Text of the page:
2014 – Luxe Source – “Shop Owner: Stuart Grannen”
Procuring unusual relics from around the world, shop owner Stuart Grannen is intent on saving the best of the past for a chance in the future.
I often think that I was put on this earth to find antique objects and give them a new purpose,” says Stuart Grannen, founder of Chicago-based Architectural Artifacts—an 80,000-square-foot mecca of abandoned relics and salvaged treasures. “Giving an old piece a new lease on life really motivates me.” As a child, the New Jersey native accompanied his parents—both history aficionados and American antiques collectors—as they cased shops, museums and galleries, and once he even purchased his own piece: a stained-glass window, which he bought at the age of seven. “As my parents would buy pieces, I’d also see all of these items that I personally liked,” he says. “After a while, I thought, ‘I could make a living out of this.’”
While he valued their influence, Grannen chose to buck his parent’s traditional style in favor of more unconventional finds—eventually creating his own definition of historic preservation. “I love using antiques as objects of beauty and bringing new life to old things,” he explains. “For instance, a terra-cotta façade ornament that may have once resided on a building can now be a piece of art.”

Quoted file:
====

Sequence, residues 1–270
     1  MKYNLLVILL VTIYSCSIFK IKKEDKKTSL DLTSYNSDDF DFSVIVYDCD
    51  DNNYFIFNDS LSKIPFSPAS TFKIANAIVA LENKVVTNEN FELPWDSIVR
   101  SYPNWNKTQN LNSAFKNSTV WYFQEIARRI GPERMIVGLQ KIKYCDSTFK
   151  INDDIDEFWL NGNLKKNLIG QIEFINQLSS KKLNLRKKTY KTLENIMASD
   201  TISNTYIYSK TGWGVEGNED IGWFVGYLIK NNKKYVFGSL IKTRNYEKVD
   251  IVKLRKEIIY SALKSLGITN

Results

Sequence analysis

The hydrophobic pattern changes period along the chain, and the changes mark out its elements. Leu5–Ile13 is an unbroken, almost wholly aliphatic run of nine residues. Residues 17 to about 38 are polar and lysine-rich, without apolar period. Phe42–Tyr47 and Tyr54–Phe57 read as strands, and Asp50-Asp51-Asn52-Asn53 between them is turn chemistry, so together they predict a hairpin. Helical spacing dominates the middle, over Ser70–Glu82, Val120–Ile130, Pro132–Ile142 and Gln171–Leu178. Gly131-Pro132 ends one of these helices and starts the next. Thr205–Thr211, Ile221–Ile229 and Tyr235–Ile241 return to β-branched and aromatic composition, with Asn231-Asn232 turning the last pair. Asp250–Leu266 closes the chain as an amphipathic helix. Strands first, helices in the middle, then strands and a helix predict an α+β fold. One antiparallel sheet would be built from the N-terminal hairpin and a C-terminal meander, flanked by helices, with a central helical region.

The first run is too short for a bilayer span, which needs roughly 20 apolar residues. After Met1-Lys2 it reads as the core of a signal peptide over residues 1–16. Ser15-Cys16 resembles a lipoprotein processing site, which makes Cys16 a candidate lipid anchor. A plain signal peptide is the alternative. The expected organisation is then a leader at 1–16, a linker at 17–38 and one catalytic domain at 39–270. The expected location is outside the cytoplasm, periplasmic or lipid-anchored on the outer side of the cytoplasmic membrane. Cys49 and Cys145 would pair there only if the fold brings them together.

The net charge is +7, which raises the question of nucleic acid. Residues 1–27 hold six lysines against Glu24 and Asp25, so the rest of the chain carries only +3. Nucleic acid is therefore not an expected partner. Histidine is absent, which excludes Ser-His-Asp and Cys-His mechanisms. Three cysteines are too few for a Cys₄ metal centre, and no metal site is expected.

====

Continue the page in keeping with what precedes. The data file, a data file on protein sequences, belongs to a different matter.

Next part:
Opening his storefront in the Ravenswood corridor in 1987, Grannen initially set up shop in a 100-year-old structure, which today has expanded into the adjoining buildings, and has filled the showroom with such unique finds as a 20-foot-long iron table weighing in around 3 tons, chocolate vats recovered from The Hershey Company and cast-iron molds of 15 different instruments. “I’m an acquirer,” admits the travel enthusiast, who sources from such varied places as an auto shop in a suburban high school and a European cathedral. “I like to own pieces for a period of time and then find a better home for them.”
Striving for a balance between beauty and quality, Grannen hopes to find purpose beyond each object’s original intention while still maintaining its history. “The past should be honored, respected and held up in great esteem,” he says. And with the pieces Grannen discovers, he does just that—weaving together a narrative of both past and present.
Images Courtesty of Cynthia Lynn